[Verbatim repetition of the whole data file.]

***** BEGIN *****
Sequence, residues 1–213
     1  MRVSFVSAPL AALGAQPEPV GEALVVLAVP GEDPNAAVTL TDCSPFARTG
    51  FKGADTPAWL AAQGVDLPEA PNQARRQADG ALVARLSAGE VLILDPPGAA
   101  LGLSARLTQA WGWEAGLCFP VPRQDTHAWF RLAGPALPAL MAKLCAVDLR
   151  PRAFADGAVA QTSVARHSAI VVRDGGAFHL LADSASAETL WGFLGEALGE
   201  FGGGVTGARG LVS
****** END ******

Sequence, residues 1–213
     1  MRVSFVSAPL AALGAQPEPV GEALVVLAVP GEDPNAAVTL TDCSPFARTG
    51  FKGADTPAWL AAQGVDLPEA PNQARRQADG ALVARLSAGE VLILDPPGAA
   101  LGLSARLTQA WGWEAGLCFP VPRQDTHAWF RLAGPALPAL MAKLCAVDLR
   151  PRAFADGAVA QTSVARHSAI VVRDGGAFHL LADSASAETL WGFLGEALGE
   201  FGGGVTGARG LVS